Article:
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Highest governing body
Sepak takraw (Malay: "sepak takraw" or "sepak raga", Jawi: سيڤق تكراو or سيڤق راڬا; Thai: ตะกร้อ, RTGS: takro; Lao: ກະຕໍ້ "ka-taw"; Filipino: "sipa"; Vietnamese: "cầu mây"), or kick volleyball, is a sport native to the Malay-Thai Peninsula. Sepak takraw differs from the similar sport of volleyball in its use of a rattan ball and only allowing players to use their feet, knee, chest and head to touch the ball. It is a popular sport in Southeast Asia. In Malaysia, the game is called sepak raga or "takraw". It is also thuck thay (Lao: "twine" and "kick") while in Thailand it is sometimes called takraw. In Myanmar it is known as chin lone. In the Philippines, besides "takraw" it is also known as sipa, meaning "kick". Similar games include footbag net, footvolley, football tennis, bossaball, jianzi and sipa. These similar games all involve keepie uppies. Contents [hide]
3.3 United States
4 Rules and regulations
4.6 Start of play and service
4.7.1 Serving side during service
4.7.2 Serving and receiving side during service
4.7.3 For both sides during the game
4.8 Scoring system
5 Competing countries
5.1 Commonwealth of Nations Sepaktakraw Federation
5.2 Pacific Cup Sepaktakraw Federation
7 See also
9 External links
"Sepak" is the Malay word for kick and "takraw" is the Thai word for a woven ball, therefore sepak takraw quite literally means to kick ball. The choosing of this name for the sport was essentially a compromise between Malaysia and Thailand, the two powerhouse countries of the sport. History
Earliest historical evidence shows that the game was played in the 15th century's Malacca Sultanate, for it is mentioned in the Malay historical text, "Sejarah Melayu" (Malay Annals). The Malay Annals described in details the incident of Raja Muhammad, a son of Sultan Mansur Shah who was accidentally hit with a rattan ball by Tun Besar, a son of Tun Perak, in a Sepak raga game. The ball hit Raja Muhammad's headgear and knocked it down to the ground. In anger, Raja Muhammad immediately stabbed and killed Tun Besar, whereupon some of Tun Besar's kinsmen retaliated and wanted to kill Raja Muhammad. However, Tun Perak managed to restrain them from such an act of treason by saying that he would no longer accept Raja Muhammad as the Sultan's heir. As a result of this incident, Sultan Mansur Shah ordered his son out of Malacca and had him installed as the ruler of Pahang. In Indonesia, sepak takraw was spread from nearby Malacca across the strait to Riau islands and Riau area in Sumatra as early as 16th century, where it is also called as Sepak Raga in local Malay tongue, at that time some of Sumatran areas were part of Malacca sultanate. From there the Malay people spread across archipelago and introduced the game to Buginese people in Sulawesi. Then the game is developed as Buginese traditional game which is called "Raga" (the players are called "Pa'Raga"). The "Raga" can trace its origin from Malacca Sultanate, and was popular in South Sulawesi since 19th century. Some men playing "Raga" encircling within a group, the ball is passed from one to another and the man who kicked the ball highest is the winner. "Raga" is also played for fun by demonstrating some tricks, such as kicking the ball and putting it on top of player's head holds by tengkolok bugis (Bugis cloth headgear similar to Malay tanjak). In Bangkok, murals at Wat Phra Kaeo which was built in 1785, depict the Hindu god Hanuman playing sepak takraw in a ring with a troop of monkeys. Other historical accounts...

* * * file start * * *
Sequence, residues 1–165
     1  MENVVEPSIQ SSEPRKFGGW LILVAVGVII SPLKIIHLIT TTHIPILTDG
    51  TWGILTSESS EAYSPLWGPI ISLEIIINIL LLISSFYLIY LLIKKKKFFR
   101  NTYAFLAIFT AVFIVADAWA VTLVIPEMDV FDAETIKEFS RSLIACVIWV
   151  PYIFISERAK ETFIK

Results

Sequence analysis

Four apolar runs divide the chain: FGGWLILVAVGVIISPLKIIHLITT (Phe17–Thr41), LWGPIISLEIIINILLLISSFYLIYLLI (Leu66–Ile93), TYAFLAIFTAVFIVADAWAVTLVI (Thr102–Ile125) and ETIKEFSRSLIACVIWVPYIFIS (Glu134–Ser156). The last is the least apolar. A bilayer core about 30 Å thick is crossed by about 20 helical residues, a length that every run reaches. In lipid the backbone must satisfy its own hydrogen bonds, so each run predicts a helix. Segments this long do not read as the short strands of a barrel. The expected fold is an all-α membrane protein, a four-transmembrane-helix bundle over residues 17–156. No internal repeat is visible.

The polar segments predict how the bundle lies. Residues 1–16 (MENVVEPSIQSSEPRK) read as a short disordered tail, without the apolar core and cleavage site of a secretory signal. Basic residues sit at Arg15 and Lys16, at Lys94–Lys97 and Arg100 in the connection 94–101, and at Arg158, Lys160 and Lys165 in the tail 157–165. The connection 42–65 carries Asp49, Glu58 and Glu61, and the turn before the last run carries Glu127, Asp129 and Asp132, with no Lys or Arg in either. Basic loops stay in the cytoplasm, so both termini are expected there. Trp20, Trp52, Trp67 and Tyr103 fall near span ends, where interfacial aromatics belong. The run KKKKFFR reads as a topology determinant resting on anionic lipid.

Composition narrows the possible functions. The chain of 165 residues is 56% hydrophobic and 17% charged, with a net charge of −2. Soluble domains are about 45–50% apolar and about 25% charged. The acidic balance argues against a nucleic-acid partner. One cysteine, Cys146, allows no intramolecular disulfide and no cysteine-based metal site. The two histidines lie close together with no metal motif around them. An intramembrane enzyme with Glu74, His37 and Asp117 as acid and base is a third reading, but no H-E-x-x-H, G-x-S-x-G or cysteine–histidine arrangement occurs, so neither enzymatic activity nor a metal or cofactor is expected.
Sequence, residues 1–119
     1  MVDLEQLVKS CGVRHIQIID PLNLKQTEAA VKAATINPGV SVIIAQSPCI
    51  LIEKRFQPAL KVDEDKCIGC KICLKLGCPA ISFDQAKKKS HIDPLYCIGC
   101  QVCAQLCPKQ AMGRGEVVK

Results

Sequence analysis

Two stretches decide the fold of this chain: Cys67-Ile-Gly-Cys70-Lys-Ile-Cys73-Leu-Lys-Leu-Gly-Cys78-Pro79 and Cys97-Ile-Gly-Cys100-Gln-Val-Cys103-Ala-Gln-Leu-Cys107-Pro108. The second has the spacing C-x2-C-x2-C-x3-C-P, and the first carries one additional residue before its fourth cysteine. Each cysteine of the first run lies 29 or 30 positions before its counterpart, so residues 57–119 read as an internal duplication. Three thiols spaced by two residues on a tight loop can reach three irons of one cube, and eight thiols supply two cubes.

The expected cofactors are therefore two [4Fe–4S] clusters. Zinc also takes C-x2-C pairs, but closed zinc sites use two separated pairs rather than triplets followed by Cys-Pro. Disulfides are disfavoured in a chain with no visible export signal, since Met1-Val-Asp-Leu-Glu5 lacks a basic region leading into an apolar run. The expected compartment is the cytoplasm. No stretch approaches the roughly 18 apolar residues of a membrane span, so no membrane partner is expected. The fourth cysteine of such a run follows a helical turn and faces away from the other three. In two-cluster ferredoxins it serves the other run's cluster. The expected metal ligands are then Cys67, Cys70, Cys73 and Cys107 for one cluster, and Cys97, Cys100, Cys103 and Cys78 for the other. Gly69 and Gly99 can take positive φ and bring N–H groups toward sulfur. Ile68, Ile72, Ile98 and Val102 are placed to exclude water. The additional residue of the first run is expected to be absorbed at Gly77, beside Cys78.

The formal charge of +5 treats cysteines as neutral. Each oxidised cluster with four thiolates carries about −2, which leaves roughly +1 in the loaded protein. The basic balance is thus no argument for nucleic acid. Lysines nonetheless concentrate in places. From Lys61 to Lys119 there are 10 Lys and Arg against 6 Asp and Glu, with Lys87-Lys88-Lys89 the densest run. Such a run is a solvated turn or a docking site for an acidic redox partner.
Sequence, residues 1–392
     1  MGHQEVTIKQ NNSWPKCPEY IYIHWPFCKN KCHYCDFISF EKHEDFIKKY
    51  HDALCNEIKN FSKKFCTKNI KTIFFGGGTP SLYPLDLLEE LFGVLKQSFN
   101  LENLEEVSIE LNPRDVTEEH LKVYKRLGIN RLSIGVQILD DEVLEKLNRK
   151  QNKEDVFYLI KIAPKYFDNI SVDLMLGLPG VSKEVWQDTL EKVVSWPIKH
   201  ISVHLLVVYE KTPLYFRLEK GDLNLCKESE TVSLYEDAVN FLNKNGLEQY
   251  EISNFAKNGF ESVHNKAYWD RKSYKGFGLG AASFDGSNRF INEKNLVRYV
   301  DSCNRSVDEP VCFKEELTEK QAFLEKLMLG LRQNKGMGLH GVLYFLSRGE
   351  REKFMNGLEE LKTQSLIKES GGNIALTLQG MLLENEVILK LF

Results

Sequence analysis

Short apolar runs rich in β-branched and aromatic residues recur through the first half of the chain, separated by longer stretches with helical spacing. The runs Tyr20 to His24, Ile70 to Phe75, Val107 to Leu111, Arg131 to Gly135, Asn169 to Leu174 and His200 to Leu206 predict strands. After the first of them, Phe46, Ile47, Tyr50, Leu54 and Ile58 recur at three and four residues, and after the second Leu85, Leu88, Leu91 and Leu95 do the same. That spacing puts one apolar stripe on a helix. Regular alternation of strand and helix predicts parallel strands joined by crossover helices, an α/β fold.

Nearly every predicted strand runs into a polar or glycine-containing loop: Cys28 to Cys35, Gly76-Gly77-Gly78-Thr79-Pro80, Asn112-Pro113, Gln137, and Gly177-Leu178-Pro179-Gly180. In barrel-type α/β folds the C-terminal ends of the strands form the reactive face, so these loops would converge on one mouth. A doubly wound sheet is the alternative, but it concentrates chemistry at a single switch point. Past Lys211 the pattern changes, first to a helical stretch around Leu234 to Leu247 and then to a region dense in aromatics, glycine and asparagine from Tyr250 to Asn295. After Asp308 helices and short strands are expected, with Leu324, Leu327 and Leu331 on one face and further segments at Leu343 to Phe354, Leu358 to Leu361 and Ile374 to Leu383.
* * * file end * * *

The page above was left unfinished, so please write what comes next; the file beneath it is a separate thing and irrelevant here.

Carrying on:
References: ^ a b c Shawn Kelley. "Takraw: A Traditional Southeast Asian (mostly in Malaysia ) Sport". Archived from the original on July 10, 2007. Retrieved July 30, 2007.
^ J. A. Mangan, Fan Hong (2002). Sport in Asian society: past and present. Frank Cass Publishers. pp. 220. ISBN 978-0-7146-8330-0.
^ Hackworth, M. (2006). Sepak Takraw. Sierra Star Journal,644, 858-101.
^ Dunsmore, Susi (1983). Sepak Raga. University of Michigan. p. 2.
^ Brown, Charles Cuthbert (1970). Sejarah Melayu; or, Malay annals: an annotated translation [from the Malay]. Oxford University Press. p. 89.
^ "Sepak Takraw: By Fred Varcoe". Metropolis Magazine. February 4, 2010. Retrieved 2010-02-04.
^ The Log, Northrop University Student Newspaper, November 5, 1987, Vol 35, No. 3.
^ "Video". CNN. August 8, 1994.
^ Kalish,J. (2004). Talking Takraw[Electronic Version]. Journal of Mens Fitness, Vol. 20, Issue 10.
^ a b Sportsmatchmaker. (2005). Sepak Takraw.Retrieved March 23, 2009, from the sportsmatchmaker website: http://www.sportsmatchmaker.com/rules/s-sports/sepak_takraw.cfm
^ a b c d e f g International Sepaktakraw Federation (ISTAF) (2004)
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